Plastic bags, straws & coffee cups are just some of the items that have until recently been ‘the norm’ for our happy consumption, only to end up in a landfill – or worse, the ocean.
Humanity has finally started to take notice of the hugely negative impact that our throwaway nature is having on our planet by getting behind initiatives that ask our society to think twice about our daily wastage.
If an alternative exists, why not use it instead?
After seeing a recent trend of tour companies asking their punters to forgo printed travel documents and instead receive them via email – which was great, this made me think, surely, we can do more than that?
The massive waste of travel brochures that I’ve witnessed over my ten years as a retail Travel Advisor would bring a tear to the eye of any card-carrying Greenpeace member or keyboard warrior alike.
One of the dreaded monthly jobs of our five-person team was filling a minimum of one shopping trolley with out of date or excess brochures and pushing them to the shopping centre’s rubbish area. During rollout season (August – October) this could inflate to three or four trolleys – PER MONTH!
Now, multiply that number by the number of retail Travel Agencies in Australia (over 3,500 retail locations, according to AFTA). That’s a staggering 42,000 shopping trolleys worth of trees going to the tip every year.
There is the argument that most of these will end up in the yellow bin, ready to be recycled into more brochures.
Yes, making sure that we recycle as much as we can is great – however, getting rid of an item that we don’t need full stop will reduce the carbon footprint that is left from the industry needed to transport and churn that unopened brochure back into a fresh new one for next season – which probably won’t be opened either.
I hear you shouting already… Calm down Matt and get another coffee (hopefully in a Keep Cup).
But my clients love brochures, what will I use to sell tours now?
We live in a digital world, full of options that are far better than a dusty, outdated brochure that gets printed once per year.
Websites have far more details and pictures than a brochure – plus a heap more selling tools like videos, live pricing and availability, customer reviews and more.
Slip a store iPad into your customer’s hands and bring them into the future already.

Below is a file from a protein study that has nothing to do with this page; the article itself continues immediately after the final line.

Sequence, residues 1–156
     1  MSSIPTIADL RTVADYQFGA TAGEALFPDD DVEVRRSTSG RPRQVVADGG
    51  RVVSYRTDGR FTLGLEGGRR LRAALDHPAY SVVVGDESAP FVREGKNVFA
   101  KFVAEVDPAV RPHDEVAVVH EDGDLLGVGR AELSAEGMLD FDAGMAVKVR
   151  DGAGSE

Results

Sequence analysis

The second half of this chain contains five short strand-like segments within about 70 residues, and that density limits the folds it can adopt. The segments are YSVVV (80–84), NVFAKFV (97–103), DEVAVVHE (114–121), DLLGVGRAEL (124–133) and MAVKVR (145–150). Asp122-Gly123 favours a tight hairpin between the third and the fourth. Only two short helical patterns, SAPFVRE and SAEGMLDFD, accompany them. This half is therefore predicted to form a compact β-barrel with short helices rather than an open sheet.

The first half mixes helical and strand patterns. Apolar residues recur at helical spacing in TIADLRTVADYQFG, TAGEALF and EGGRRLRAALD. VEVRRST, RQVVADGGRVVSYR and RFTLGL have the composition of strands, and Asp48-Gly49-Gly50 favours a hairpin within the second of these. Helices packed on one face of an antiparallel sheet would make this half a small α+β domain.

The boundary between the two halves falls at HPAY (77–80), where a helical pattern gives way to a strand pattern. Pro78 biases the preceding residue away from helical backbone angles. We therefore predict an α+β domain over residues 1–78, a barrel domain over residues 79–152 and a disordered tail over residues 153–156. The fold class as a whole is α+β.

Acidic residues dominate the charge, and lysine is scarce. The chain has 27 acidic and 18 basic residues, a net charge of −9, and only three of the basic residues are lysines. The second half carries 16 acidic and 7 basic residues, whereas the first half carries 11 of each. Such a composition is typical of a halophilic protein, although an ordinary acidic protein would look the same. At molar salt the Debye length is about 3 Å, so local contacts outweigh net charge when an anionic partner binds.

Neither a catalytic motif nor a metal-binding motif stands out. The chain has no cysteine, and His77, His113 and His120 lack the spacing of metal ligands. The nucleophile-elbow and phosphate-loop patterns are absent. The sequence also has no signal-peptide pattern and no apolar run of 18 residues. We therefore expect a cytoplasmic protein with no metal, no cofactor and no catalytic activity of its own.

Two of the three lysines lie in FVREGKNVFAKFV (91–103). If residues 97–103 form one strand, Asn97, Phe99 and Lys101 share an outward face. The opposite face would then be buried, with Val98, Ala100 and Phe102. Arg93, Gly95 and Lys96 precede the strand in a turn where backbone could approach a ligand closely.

What about customer retention you ask?
I’m sure that the tried and tested method of stapling a business card to a brochure has been working wonders for conversion, right? Insert sarcastic face here.
If a potential customer would like more information on a tour or company and there aren’t any brochures to hand out and hope they come back to you, what do you do?
How about offering to email them a link to an “online brochure” (website) or a PDF version and boom! You now have their contact details to follow up!
Did I just blow your mind?
Good, it’s time to step into the future and bring our customers with us.
Change is hard, to begin with, but a few years down the track we’ll look back on travel brochures like we now look back on paper tickets and fax machines.
That brings me to the cost saving.
Oh my, I can’t even start to think what could be done with the cash saved on designing, printing and couriering of millions of brochures per year. It could be used to bolster charity projects that are already in place or training programs for Travel Agents on how to sell products, anything really.
If you’re still unsure if you can survive without a shop full of colourful travel brochures behind you, think about the recent mass migration of retail to home-based agents (myself included).
I left retail twelve months ago to start my own home-based agency, Curated Travel. During that time, I have sent exactly zero brochures to my customers – and the bookings continue to roll in.
My customers love it when I send them tailored recommendations and links to specific tours. This saves me and my clients time and makes their decision to book easier.
Not everyone will agree with me.
I’m aiming to start a conversation about how we can #traveltochangetheworld for the better. If you’re in doubt, think about how Coles & Woolworths dealt with the wrath of the baby boomers when they stopped providing free single-use plastic bags recently.
It was a big thing for about five minutes, then we all moved on and the world didn’t stop spinning.
- READ: “Why I took myself off travel brochure distribution lists”
- READ: Virgin Atlantic uses biofuel to power a commercial flight
- READ: Travel Agents are actually selling sustainable travel
Who’s with me? #banthebrochure or #notreadytochangetheworld?
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